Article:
Presentation on theme: "Malaria. Background Definition of malaria Malaria is an infectious disease caused by protozoan organisms of the genus Plasmodium (falciparum, ovale, vivax,"— Presentation transcript:
Background Definition of malaria Malaria is an infectious disease caused by protozoan organisms of the genus Plasmodium (falciparum, ovale, vivax, malariae). It is characterized by high fever and erythrocytic infection resulting in anemia..
life cycle: asexual phase (schizogony) sexual phase (sporogony)
human host There are four species of malaria that infect humans. All of them are transmitted in the same way, Mosquito bites human Sporozoites injected into human host during blood meal Sporozoites infect liver cells, develop into schizonts, which release merozoites into the blood stream by rupturing the liver cells. Merozoites penetrate red blood cells and form schizonts; red blood cells release merozoites Some merozoites differentiate into male gametocytes or female gametocytes. Gametocytes are taken in by mosquito from a blood meal. Mosquito stage Parasites undergo sexual reproduction, develop into oocysts which release sporozoites that invade the mosquito's salivary glands. And the cycle continues on……
Sporogonous Cycle : Mosquito Stages Gametocytes P. falciparum P. vivax P. ovale P. malariae Human Liver Stages Exo-erythrocytic (hepatic) Cycle: Human Blood Stages Erythrocytic Cycle: Malaria Lifecycle
Epidemiology Malaria is the most important cause of fever and morbidity in the tropical world.
Clinical Manifestations The clinical manifestations of malaria range from asymptomatic infection to fulminant illness and. Death.Febrile paroxysms classic symptoms of the febrile paroxysms of malaria include high fever, rigors, sweats, and V:48h o:48h m:72h headache.
Malaria: Clinical manifestations Febrile paroxysms have 3 classic stages – Cold stage Pt feels cold and has shaking chills - mins. prior to fever – Hot stage 41° Lassitude, loss of appetite, bone and joint aches Tachycardia, hypotension, cough, HA, back pain, N/V, diarrhea, abdo pain, altered consciousness – Sweating stage Marked diaphoresis followed by resolution of fever, profound fatigue, and sleepiness hours after onset of hot stage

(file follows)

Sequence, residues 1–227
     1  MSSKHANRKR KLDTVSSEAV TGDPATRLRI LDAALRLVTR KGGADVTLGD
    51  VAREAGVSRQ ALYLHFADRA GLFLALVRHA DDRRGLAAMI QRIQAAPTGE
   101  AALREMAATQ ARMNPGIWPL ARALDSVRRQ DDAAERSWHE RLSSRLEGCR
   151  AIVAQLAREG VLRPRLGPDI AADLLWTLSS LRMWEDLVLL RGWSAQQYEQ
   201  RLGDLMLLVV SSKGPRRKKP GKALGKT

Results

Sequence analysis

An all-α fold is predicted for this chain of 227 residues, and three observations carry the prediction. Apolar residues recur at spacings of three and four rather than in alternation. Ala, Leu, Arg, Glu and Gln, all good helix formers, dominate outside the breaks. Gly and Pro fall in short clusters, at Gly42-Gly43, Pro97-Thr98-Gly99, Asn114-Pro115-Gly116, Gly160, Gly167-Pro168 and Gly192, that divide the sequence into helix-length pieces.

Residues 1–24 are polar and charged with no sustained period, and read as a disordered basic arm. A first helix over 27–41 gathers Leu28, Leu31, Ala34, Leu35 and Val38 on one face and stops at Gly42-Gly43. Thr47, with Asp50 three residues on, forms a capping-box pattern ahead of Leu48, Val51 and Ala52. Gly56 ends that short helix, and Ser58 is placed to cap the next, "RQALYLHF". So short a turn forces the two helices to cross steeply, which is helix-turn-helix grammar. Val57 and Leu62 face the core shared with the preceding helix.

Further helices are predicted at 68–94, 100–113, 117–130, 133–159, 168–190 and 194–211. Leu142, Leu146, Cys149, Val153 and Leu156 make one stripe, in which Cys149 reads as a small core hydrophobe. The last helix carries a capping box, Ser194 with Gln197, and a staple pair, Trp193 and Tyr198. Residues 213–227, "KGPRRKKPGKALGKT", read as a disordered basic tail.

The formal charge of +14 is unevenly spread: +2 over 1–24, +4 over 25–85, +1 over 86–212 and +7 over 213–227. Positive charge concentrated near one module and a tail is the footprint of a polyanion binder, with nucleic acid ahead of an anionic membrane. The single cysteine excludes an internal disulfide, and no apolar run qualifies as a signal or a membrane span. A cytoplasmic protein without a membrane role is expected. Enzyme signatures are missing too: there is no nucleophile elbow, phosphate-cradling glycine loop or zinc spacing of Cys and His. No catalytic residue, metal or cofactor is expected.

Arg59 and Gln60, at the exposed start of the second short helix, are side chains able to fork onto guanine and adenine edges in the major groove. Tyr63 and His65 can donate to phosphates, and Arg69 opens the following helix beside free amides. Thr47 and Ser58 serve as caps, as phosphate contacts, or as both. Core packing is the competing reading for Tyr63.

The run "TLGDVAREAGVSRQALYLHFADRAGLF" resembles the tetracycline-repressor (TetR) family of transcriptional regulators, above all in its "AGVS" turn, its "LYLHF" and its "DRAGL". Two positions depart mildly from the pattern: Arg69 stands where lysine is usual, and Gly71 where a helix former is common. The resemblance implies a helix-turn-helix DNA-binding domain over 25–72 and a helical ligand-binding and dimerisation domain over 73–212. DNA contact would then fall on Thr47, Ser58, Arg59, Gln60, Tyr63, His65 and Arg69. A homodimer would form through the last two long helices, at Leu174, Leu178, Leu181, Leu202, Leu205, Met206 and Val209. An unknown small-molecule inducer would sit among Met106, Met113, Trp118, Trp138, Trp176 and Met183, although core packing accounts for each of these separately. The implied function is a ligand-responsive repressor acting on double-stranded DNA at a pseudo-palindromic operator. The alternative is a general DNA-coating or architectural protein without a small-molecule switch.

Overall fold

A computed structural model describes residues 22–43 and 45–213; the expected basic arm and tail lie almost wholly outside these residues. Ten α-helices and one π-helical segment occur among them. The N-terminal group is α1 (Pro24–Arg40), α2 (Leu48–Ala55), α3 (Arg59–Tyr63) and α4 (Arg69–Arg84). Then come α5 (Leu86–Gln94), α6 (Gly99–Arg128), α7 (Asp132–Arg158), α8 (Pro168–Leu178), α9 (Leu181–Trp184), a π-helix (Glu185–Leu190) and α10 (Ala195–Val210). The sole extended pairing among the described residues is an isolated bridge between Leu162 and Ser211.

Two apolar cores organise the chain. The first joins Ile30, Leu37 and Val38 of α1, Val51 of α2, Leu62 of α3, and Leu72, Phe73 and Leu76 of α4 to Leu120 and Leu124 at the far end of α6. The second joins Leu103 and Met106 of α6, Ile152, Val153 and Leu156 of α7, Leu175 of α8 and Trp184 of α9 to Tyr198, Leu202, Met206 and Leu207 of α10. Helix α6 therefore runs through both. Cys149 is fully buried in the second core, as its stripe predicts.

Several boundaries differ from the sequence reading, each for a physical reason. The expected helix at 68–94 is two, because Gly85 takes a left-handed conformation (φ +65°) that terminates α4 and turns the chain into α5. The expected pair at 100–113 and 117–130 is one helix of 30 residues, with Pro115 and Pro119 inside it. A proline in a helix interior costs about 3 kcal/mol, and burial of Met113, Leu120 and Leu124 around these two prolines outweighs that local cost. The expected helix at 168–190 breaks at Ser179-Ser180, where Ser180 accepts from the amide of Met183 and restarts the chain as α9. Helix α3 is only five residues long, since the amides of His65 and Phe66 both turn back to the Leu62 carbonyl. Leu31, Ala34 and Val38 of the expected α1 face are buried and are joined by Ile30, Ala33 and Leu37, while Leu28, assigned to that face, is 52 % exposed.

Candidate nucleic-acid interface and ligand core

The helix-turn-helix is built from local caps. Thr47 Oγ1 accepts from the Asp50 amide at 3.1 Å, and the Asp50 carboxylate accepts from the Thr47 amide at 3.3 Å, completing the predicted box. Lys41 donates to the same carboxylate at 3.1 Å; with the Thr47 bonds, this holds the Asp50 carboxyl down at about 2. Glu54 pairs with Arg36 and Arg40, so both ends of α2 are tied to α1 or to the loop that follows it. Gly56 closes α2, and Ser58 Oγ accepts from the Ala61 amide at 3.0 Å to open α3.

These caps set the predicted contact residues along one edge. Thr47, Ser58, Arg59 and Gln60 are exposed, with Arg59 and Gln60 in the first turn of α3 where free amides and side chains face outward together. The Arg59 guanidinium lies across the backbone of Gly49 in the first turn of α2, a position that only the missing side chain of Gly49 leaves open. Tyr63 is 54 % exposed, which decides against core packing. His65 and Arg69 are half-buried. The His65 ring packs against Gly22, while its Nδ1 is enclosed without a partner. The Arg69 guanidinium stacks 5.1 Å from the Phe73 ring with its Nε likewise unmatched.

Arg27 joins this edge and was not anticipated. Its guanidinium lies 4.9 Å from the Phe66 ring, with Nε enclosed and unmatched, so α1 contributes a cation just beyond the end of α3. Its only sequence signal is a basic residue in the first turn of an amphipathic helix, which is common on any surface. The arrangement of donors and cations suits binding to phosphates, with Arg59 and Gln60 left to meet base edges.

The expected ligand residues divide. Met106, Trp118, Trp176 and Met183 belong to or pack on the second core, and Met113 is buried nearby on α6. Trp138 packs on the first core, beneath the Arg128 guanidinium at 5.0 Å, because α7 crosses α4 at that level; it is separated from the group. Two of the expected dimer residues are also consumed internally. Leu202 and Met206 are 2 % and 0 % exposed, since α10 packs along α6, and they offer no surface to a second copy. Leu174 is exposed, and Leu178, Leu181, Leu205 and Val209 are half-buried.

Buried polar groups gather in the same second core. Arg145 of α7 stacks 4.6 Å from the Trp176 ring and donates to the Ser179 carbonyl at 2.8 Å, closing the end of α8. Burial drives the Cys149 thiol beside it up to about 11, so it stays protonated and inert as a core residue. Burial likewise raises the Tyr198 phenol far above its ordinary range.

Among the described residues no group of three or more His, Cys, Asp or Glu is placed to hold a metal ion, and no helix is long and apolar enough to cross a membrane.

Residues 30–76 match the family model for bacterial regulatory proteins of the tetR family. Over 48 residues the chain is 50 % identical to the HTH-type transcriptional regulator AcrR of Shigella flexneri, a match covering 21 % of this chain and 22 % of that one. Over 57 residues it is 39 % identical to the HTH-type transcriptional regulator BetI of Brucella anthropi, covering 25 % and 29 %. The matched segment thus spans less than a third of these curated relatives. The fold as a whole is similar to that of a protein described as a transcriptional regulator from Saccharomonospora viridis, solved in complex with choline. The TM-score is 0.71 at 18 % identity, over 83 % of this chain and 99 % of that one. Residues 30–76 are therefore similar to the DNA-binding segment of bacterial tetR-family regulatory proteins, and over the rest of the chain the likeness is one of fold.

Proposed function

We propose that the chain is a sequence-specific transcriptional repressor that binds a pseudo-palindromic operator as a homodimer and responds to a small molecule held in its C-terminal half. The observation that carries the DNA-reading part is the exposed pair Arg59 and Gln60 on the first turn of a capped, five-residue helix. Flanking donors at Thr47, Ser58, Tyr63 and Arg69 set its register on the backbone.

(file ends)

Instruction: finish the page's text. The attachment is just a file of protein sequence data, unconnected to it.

Malaria: Clinical manifestations Other symptoms depend upon the strain of malaria P. vivax, ovale and malariae: few other sxs P. falciparum: – Dependent upon host immune status No prior immunity/splenectomy high levels of parasitemia : profound hemolysis – Vascular obstruction and hypoxia Kidneys: renal failure Brain: hypoxia, CNS dysfunction, coma, seizures Lungs: pulmonary edema – Jaundice and hemoglobinuria (blackwater fever)
Laboratory and Imaging Studies The diagnosis of malaria is established by identification of organisms on stained smears of peripherd blood. timing of the smears is less important than their being obtained several times each day over 3 successive days.. Thick smears are used to scan large numbers of. Erythrocytes quickly Thin smears allow for positive identification of the malaria species.
Diagnosis Key of diagnosis is to identify P. falciparum New assays: – ELISA for antigen, immunoassay for LDH, PCR Anemia, elevated LDH, increased reticulocytes, thrombocytopenia Elevated unconjugated bilirubin without increases in hepatic enzymes Elevated serum creatinine, proteinuria, hemoglobinuria, hypoglycemia
Differential Diagnosis the possibility of malaria in any child who has fever, chills, splenomegaly, anemia, or decreased level of consciousness with a history of recent travel or residence in an endemic area, regardless of the use of chemoprophylaxis. DDX: tuberculosis, typhoid fever, brucellosis, relapsing fever, infective endocarditis, influenza, polio, yellow fever, trypanosomiasis, kalaazar, and amebic liver abscess.
All Plusmudim Species Except Chloroquine-Resistant P. Falciparum Oral Drug of Choice chloroquine phosphate Parenteral Drug of Choice quinidine gluconate
chloroquine-Resistant P. Falciparum Oral drug of Choice Quinine sulfate plus tetracycline‘ Alterative Oral regimens: Quinine sulfate plus pyrimethamine-sulfadoxine Mefloquine Atovaquone Plus proguanil
chloroquine-Resistant P. Falciparum Parenteral Dnrg of Choice: Quinidine gluconate
Primaquine phosphate (after completion of chloroquine) Prevention of Relapses: P. viva and P. ovale
Complications Cerebral malaria : is a complication of P.falciparum infection and a frequent cause of death (20% to 40%), Especially among children and nonimmune adults occur among patients with intense parasitemia (~5%). Other complications include splenic rupture,renal failure, severe hemolysis (blackwater fever), pulmonary edema, hypoglycemia, thrombocytopenia, and algid malaria (sepsis syndrome with vascular collapse).
Prognosis Death may occur with any of the malarial species, is most frequent with complicated P. falciparum malaria. The likelihood of death is increased in children with preexisting health problems, such as measles, intestinal parasites, schistosomiasis, anemia, and malnutrition. Death is much more common in poor developing countries
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